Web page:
AMD Poses ‘Major Challenge’ to Intel’s Server Leadership

Rob Enderle reports on the excitement at AMD’s Epyc processor launch in San Francisco: I’ve been at a lot of AMD events, and up until this one, the general message was that AMD was almost as good as Intel but not as expensive. This year it is very different; Intel has stumbled badly, and AMD is moving to take the leadership role in the data center, so its message isn’t that it is nearly as good but cheaper anymore; it is that it has better customer focus, better security and better performance. Intel’s slip really was around trust, and as Intel seemed to abandon the processor segment, OEMs and customers lost faith, and AMD is capitalizing on that slip…

AMD has always been relatively conservative, but Lisa Su, AMD’s CEO, stated that the company has broken 80 performance records and that this new processor is the highest-performing one in the segment. This is one thing Lisa’s IBM training helps validate; I went through that training myself and, at IBM, you aren’t allowed to make false claims. AMD isn’t making a false claim here. The new Epyc 2 is 64 cores and 128 threads and with PCIe generation 4, it has 128 lanes on top its 7nm technology, which currently also appears to lead the market. Over the years the average performance for the data center chips, according to Su, has improved around 15% per year. The last generation of Epyc exceeded this when it launched, but just slightly. This new generation blows the curve out; instead of 15% year-over-year improvement, it is closer to 100%…

Intel has had a number of dire security problems that it didn’t disclose in timely fashion, making their largest customers very nervous. AMD is going after this vulnerability aggressively and pointing to how they’ve uniquely hardened Epyc 2 so that customers that use it have few, if any, of the concerns they’ve had surrounding Intel parts. Part of this is jumping to more than 500 unique encryption keys tied to the platform.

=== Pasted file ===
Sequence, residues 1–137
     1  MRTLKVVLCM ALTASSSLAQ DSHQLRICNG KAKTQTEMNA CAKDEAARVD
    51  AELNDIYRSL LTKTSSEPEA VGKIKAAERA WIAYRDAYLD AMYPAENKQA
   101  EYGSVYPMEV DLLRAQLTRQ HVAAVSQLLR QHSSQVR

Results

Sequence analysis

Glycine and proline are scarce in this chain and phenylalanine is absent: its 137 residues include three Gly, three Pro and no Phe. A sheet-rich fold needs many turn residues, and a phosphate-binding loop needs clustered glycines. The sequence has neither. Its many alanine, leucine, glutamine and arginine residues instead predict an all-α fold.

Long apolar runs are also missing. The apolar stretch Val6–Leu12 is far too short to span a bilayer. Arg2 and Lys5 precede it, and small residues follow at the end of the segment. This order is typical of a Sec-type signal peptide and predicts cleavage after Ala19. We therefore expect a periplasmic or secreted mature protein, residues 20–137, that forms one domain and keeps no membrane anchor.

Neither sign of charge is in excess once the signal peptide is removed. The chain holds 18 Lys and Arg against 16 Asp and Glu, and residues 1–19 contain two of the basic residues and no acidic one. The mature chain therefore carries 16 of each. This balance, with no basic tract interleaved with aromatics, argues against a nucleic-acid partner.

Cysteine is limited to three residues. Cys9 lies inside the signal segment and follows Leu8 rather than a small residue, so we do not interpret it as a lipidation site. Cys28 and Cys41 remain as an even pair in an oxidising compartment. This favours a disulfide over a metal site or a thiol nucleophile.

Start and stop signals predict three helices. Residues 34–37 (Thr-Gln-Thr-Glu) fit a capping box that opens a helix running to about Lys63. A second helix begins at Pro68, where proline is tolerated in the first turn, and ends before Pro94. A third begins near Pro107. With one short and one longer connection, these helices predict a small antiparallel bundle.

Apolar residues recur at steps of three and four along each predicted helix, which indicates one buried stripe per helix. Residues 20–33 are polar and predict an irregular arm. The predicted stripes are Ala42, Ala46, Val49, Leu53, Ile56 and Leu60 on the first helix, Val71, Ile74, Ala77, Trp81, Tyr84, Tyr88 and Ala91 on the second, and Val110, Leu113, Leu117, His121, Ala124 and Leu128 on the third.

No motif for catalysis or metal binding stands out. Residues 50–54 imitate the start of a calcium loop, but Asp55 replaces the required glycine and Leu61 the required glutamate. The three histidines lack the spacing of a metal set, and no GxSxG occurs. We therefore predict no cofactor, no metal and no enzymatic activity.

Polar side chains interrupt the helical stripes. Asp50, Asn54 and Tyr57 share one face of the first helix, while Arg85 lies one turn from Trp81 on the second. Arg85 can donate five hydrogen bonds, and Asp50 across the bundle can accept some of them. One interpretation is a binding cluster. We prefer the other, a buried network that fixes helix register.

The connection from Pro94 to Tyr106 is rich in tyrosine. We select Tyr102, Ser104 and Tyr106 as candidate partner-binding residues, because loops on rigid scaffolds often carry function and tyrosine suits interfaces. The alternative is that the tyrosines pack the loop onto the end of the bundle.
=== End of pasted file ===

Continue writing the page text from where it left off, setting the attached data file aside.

Besides Google and Twitter, AMD’s event also included announcements from Hewlett-Packard Enterprise, Dell, Cray, Lenovo, and Microsoft Azure. For example, Hewlett Packard Enterprise has three systems immediately available with AMD’s new processor, the article reports, with plan to have 9 more within the next 12 months. And their CTO told the audience that their new systems have already broken 37 world performance records, and “attested to the fact that some of the most powerful supercomputers coming to market will use this processor, because it is higher performing,” calling them the most secure in the industry and the highest-performing.

“AMD came to play in San Francisco this week,” Enderle writes. “I’ve never seen it go after Intel this aggressively and, to be frank, this would have failed had it not been for the massive third-party advocacy behind Epyc 2. I’ve been in this business since the mid-’80s, and I’ve never seen this level of advocacy for a new processor ever before. And it was critical that AMD set this new bar; I guess this was an extra record they set, but AMD can legitimately argue that it is the new market leader, at least in terms of both raw and price performance, in the HPC in the server segment.

“I think this also showcases how badly Intel is bleeding support after abandoning the IDF (Intel Developer Forum) conference.”